MLAs consider spending £150,000 a year to translate themselves from Irish and Ulster Scots – but Ulster Scots hasn’t been spoken there in years

The Assembly is considering the expenditure of about £150,000 a year to provide live translation of Irish and Ulster Scots words spoken by MLAs – even though no one has spoken Ulster Scots there for years.

By Sam McBride
Thursday, 6th May 2021, 8:21 am
Translating MLAs’ Irish or Ulster Scots will come with a hefty bill. Photo: Kelvin Boyes/ Pool/Getty
Translating MLAs’ Irish or Ulster Scots will come with a hefty bill. Photo: Kelvin Boyes/ Pool/Getty

Yesterday Simon Burrowes, the Hansard editor of debates, told the Assembly’s committee on procedures that the salaries for interpreters to provide the service could be in the region of £150,000 a year.

However, if a fancier form of translation is wanted by MLAs – whereby every word spoken in the Assembly is translated live into Irish and Ulster Scots – that could cost taxpayers half a million pounds a year, he said.

Mr Burrowes explained that  simultaneous translation means the “interpreter speaks at much the same time as the person talking in the meeting”.

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Until now, MLAs who speak Irish or Ulster Scots must provide their own immediate translation in the chamber.

MLAs must decide whether every word spoken in the chamber – whether in English, Irish or Ulster Scots – is translated into the other languages, or just whether words in Irish or Ulster Scots are translated into English.

He said that the Dail and Welsh Assembly decide “pointless spending extra money translating English into [Irish or] Welsh because everyone can understand English”.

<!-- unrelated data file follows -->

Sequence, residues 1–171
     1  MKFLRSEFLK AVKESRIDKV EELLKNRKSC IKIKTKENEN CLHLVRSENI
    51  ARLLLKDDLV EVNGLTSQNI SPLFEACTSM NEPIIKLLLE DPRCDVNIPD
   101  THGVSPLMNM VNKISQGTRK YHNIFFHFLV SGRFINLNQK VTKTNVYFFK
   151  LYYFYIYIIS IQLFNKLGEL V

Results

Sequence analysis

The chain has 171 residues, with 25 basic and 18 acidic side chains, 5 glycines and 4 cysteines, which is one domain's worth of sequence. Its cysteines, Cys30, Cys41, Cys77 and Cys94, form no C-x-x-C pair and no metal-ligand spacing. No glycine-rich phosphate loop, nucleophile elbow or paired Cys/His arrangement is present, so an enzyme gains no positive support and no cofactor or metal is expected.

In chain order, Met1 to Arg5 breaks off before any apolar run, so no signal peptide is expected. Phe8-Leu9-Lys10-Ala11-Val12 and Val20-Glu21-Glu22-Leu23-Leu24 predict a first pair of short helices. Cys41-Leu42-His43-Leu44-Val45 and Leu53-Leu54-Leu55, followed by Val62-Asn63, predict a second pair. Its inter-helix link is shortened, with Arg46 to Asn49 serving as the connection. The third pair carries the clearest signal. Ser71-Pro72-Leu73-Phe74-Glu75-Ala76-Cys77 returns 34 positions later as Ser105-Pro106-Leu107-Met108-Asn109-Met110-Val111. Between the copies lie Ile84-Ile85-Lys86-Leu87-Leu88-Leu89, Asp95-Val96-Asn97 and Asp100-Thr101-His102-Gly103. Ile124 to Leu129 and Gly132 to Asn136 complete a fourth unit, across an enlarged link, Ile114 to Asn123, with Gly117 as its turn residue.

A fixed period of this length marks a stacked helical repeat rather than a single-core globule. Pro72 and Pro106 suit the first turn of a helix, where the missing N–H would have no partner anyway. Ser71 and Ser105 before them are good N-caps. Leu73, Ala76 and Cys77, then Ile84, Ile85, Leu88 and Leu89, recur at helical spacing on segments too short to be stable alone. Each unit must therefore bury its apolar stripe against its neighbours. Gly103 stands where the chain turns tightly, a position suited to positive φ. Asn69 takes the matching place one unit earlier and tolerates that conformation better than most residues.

He said last time the Assembly had tried to recruit someone for Ulster Scots translation was 12 years ago and “it wasn’t satisfactory – we didn’t get anybody”.

MLAs are examining the issue because of a commitment made in last January’s New Decade, New Approach agreement, the deal which saw devolution restored.

It said: “The Assembly’s Standing Orders will also be amended to allow any person to conduct their business before the Assembly or an Assembly Committee through Irish or Ulster Scots.

“A simultaneous translation system will be made available in the Assembly to ensure that a person without Irish or Ulster Scots is not placed at a disadvantage.”

The Assembly’s head of communications, Susie Brown, said that the infrastructure costs for the project would be about £43,000.

That, she said, did not include the cost of headsets for MLAs, something she said would involve a “relatively low” sum.

Mr Burrowes said: “Ulster Scots has not been spoken in the Assembly since Jim Shannon left, frankly, except for the odd expression”.

Mr Shannon left the Assembly 11 years ago.

Mr Burrowes added that although staff were required to provide interpretation at present, “one day this service will be provided by a machine - make no mistake about it”.

The New Decade, New Approach deal also states that a ‘central translation hub’ is to be established in the Department of Finance “in order to provide language translation services for the nine Executive departments, arm’s length bodies, local government and public bodies.

The Irish language act which was at the heart of last January’s deal to restore Stormont has still not been delivered. Two months ago Arlene Foster used two words of Irish – “sin é” (that’s it) t0 signal that the legislation was coming, but it has still not appeared.


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